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Moving houseplants outside is an exciting time full of new growth, more space, and change. Moving your plants outside is a great way to increase growth, reduce pests, and have beautiful easy care plants. Unfortunately, many plant parents move their houseplants out to soon and its to cold for them to survive. Another issue is without acclimation the lighting can be to much and most of the plant can burn. Setting back growth for the entire season. There are some plants that acclimate more easily and can handle those colder nights and warmer days that spring brings. Here we have a list of the 5 best houseplants to start moving outside first.
English ivy (Hedera helix) is a popular. Houseplant known for its trailing vines and lush, green leaves. It is often chosen for its versatility and ability to thrive. In various conditions, making it an excellent choice for both beginner and experienced plant enthusiasts. Its trailing nature also makes it a perfect candidate for hanging baskets or cascading down shelves, adding a touch of natural beauty to any space. Furthermore, English ivy is relatively low-maintenance and can adapt well to different light levels, from bright indirect light to lower light conditions.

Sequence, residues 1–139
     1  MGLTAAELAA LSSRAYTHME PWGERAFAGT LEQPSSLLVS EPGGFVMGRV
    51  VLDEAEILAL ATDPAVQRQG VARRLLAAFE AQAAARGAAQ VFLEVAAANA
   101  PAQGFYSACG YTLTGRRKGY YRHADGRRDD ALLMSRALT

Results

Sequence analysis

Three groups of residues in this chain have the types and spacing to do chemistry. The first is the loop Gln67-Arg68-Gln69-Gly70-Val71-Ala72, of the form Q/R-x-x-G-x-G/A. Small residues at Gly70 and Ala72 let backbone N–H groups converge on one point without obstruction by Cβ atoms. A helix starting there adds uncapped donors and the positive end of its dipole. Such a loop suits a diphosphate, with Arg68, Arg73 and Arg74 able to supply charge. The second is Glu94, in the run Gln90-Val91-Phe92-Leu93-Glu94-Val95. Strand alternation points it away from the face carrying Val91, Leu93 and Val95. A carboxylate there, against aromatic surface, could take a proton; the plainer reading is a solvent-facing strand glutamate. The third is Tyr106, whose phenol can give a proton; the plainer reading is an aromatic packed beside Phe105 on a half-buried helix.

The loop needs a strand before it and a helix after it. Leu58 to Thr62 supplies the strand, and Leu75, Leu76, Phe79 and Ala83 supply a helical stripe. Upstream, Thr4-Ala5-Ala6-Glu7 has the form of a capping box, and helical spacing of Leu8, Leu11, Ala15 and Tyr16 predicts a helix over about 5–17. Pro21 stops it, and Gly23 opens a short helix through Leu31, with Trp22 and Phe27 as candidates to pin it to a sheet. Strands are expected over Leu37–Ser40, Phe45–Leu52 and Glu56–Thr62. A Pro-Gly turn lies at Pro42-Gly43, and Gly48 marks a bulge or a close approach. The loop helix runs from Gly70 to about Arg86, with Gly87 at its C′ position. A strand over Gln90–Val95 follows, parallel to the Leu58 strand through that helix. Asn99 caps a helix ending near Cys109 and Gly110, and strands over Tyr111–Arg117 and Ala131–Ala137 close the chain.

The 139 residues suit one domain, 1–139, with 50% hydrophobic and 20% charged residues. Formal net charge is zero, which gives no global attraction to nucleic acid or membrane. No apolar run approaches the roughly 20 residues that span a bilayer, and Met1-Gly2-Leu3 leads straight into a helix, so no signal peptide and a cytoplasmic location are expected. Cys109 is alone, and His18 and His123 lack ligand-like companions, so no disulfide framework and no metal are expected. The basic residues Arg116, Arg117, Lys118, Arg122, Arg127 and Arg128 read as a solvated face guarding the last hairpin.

As spring arrives, English ivy houseplants should be among the first to be moved outside. This transition benefits the plant in several ways. Firstly, English ivy thrives in outdoor environments where it can receive direct sunlight. Natural sunlight provides the plant with the necessary energy for photosynthesis and promotes healthy growth. Moving the ivy outdoors allows it to bask in the sunlight and soak up the essential nutrients it needs to flourish.
Secondly, the increased airflow outdoors helps prevent the buildup of excess moisture, reducing the risk of fungal diseases that can affect indoor plants. The fresh air circulation also promotes stronger stems and prevents the ivy from becoming overly leggy. Finally, moving English ivy outside allows it to experience the natural seasonal changes, which can have a positive impact on its growth and overall health. Exposure to natural temperature fluctuations and gentle breezes stimulates the plant, making it more resilient and vibrant. Be warned to contain any pieces of the plant though because it can root very easily and is incredibly invasive in a yard.
Ferns, particularly the Boston fern (Nephrolepis Exaltata), make excellent candidates. As the first houseplants to be moved outside in the springtime. One of the main reasons is their temperature and light requirements. Boston ferns thrive in moderate temperatures, typically between 60°F and 75°F (15°C and 24°C), which makes the spring season ideal for their outdoor transition. These plants appreciate the milder weather conditions and can handle slight temperature fluctuations without suffering significant stress. Additionally, Boston ferns prefer bright, indirect light, making them suitable for outdoor locations with filtered sunlight or partial shade. Placing them outside allows them to receive the optimal light levels they need for healthy growth, as indoor conditions may not always provide adequate brightness.